Canon Val Jackson of Liverpool Cathedral – Friday 10th December 2021

A well-attended meeting of the Society on 10th December 2021 heard Canon Val Jackson talk about her supervision of the archives of the Anglican Cathedral, which began in a small room in a vaulting turret, and how she has since collated, exhibited and otherwise publicised this varied collection. Luckily an early Dean of the Cathedral had a secretary who had the necessary virtue – from an archive point of view – of hoarding papers and photographs and all sorts of other items.

Liverpool Cathedral

The building of the cathedral, which began in the first decade of the twentieth century led to a daily correspondence between the team working on site in Liverpool and the architects (G.G. Scott and his “mentor” Bodley) in London. An early Dean, Frederick Dwelly, maintained contact with the internees at Huyton in World War II and the resulting correspondence has survived. Photographs too have been digitised and catalogued and put into non-acid storage folders, so they will be preserved and can be used by students and other researchers. The King’s Liverpool Regiment and the Pals formed by the regiment have given rise to a magnificent roll of honour. The remarkable Chavasse family, which provided the second Bishop of Liverpool, Francis, also included two pairs of twins, one pair male, the other pair female: the latter pair both lived over a hundred years. Memorabilia on individual servicemen and women are also collected. Donations are regularly added to the collections. (Now I know what to do with my photograph of my grandfather in his King’s Liverpool Regiment kilt and shall donate it, as his only living descendant).

Memorial to the Cathedral’s architect, Giles Gilbert Scott.

A delightful story was of King George V coming to sign a document, and a piece of stale bread being in readiness for removing any error in the signature (the bread proved to be unnecessary). The cathedral was built by many hands and descendants of the masons and workmen often come to visit, sometimes providing further insights into the process of building. Exhibitions – which are facilitated by the collections of archives – have covered such topics as the Blitz, the Battle of the Atlantic, the Centenary of the Lady Chapel, Titanic 2012, and the King’s Liverpool Regiment in World War One. Various groups concerned with archives maintain contact, supporting the efforts of Canon Jackson and her team. These include Hope University and the National Archives, which underlines the importance of the archives. A memorial to nurses turns out to include many from Wales and other places, as well as Liverpool itself. The archives, like other aspects of the Cathedral, are supported by the Friends of Liverpool Cathedral. It was interesting to learn that the stone used at the West End of the Cathedral at the building’s completion is inferior in quality to the Woolton stone used in the rest of the Cathedral. It was also interesting to learn that the inventory of the Cathedral silver runs to two hundred pages, and that  Edward Carter Preston, who produced a series of iconic sculptures for the Cathedral also designed commemorative medals for World War 1.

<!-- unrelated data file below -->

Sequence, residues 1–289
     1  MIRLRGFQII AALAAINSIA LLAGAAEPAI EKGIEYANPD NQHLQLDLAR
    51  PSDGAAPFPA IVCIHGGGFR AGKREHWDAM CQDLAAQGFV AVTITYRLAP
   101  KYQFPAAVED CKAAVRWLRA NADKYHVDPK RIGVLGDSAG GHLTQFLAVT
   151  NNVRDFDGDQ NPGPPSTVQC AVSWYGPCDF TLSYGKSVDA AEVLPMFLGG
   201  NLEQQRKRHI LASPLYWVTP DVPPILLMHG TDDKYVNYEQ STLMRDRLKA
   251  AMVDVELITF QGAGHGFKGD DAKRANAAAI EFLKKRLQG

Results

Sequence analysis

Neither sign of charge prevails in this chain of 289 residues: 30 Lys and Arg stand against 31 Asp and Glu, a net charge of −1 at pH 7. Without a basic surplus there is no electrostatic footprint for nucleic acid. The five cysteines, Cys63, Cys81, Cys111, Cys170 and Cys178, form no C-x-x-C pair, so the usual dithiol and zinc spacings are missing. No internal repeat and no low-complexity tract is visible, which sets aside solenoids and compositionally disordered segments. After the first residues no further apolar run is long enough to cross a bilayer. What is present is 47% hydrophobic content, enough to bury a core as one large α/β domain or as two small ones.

Carved in stone: Titanic memorial. There are also memorial windows to the Titanic’s Captain, Edward Smith, and Thomas Ismay, founder of the White Star Line.

Val delivered a fascinating account of rare archive treasures, which has encouraged those present to discover more about their historical origins.

John Cowell

All images: © Ron Jones.

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